National Council of La Raza encourages Latino youth to vote when they turn 18

Janet Hernandez, left, discusses the High School Democracy Project and Latinos Vote app at the National Council of La Raza conference in Phoenix. (Photo by Holly Bernstein)

Ricardo J. Tello learned about different canidates, political issues and more from the High School Democracy Program at his school in Austin,Texas. (Photo by Holly Berstein/Cronkite News)

PHOENIX – The National Council of La Raza is launching a school-based program and new technology to increase voting and political engagement among Latino youths.

La Raza leaders will ask Arizona school administrators this fall to join the High School Democracy Project to help increase voter registration of Latino millennials. Sixteen states have implemented the project’s curriculum in schools, according to Janet Hernandez, senior civic engagement project manager for La Raza.

The six-lesson curriculum includes mock elections and lessons on becoming politically active and engaged. Hernandez outlined the program at La Raza’s convention in Phoenix.

About 1 million Latino teens turn 18 years old every year, Hernandez said the census shows.

“It is more than voting. It’s about democracy and how we impact youth in general,” Hernandez said.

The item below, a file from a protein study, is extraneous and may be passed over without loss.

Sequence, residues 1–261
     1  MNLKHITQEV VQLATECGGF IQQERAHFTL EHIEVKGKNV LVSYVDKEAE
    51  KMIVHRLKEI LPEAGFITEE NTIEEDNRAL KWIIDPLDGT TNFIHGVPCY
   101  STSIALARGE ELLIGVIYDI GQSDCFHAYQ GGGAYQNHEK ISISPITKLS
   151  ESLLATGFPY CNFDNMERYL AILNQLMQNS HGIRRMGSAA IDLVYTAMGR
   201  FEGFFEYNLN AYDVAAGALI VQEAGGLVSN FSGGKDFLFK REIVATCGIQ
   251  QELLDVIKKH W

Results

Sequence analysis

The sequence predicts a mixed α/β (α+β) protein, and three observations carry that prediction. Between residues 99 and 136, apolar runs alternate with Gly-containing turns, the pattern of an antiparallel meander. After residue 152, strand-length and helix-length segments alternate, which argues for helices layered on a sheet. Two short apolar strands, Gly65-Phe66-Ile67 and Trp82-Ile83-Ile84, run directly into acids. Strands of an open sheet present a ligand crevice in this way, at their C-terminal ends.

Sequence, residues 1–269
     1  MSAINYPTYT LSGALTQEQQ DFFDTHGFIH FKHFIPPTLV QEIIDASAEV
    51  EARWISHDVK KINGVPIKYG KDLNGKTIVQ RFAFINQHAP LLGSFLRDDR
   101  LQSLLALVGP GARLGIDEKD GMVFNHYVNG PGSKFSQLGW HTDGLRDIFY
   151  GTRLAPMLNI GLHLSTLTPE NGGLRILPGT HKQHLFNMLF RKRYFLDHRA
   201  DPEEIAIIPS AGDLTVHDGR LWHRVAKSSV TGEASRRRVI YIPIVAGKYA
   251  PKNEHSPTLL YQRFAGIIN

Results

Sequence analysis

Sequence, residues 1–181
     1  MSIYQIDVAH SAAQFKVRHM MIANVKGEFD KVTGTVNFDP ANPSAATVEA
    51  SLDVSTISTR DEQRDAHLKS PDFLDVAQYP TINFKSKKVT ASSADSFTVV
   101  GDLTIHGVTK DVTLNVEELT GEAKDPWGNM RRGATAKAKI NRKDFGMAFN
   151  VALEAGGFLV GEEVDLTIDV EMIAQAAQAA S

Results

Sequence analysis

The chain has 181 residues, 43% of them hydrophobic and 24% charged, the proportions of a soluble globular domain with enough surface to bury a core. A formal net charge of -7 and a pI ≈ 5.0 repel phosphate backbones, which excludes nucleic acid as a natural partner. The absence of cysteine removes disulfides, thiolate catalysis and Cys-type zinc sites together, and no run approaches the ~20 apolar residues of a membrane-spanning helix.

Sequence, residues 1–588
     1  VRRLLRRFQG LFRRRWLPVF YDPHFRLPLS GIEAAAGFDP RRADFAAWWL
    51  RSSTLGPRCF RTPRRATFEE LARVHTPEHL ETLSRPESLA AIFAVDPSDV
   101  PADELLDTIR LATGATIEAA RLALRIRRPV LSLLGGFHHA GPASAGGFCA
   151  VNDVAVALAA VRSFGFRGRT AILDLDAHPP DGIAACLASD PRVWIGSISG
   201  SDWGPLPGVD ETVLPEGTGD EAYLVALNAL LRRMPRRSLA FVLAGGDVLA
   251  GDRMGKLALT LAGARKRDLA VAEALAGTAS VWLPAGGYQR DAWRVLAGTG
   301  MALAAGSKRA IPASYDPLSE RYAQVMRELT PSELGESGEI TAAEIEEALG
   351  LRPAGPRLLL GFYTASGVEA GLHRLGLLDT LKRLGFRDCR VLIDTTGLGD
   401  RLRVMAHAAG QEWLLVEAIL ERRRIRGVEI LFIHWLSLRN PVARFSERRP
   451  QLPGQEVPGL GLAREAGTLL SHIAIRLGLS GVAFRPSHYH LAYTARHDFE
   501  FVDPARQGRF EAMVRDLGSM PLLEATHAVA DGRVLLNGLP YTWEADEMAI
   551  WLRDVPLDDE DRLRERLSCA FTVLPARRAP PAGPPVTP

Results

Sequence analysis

La Raza is working with mitú, a digital network aimed at Latinos, to launch Latinos Vote, a voter registration website and mobile app that simplifies voter registration. The app was offered at the convention and about 200 people registered, according to Hernandez.

Ricardo J. Tello, a student at Houston Gateway Academy, spoke of being the first of his family to vote. He had learned about voter registration, elections and candidates from the project.

“It was a surprise that I was one of the very few Latinos in my community to actually vote,” Tello said of voting in the 2016 election.

Tello said he was proud to represent his family.

“It is scary at first,” Tello said. “Everything is scary at first. But surprisingly it’s just easy. Super easy.”

The national La Raza convention covers issues such as politics, health care, education and leadership. It ends Tuesday.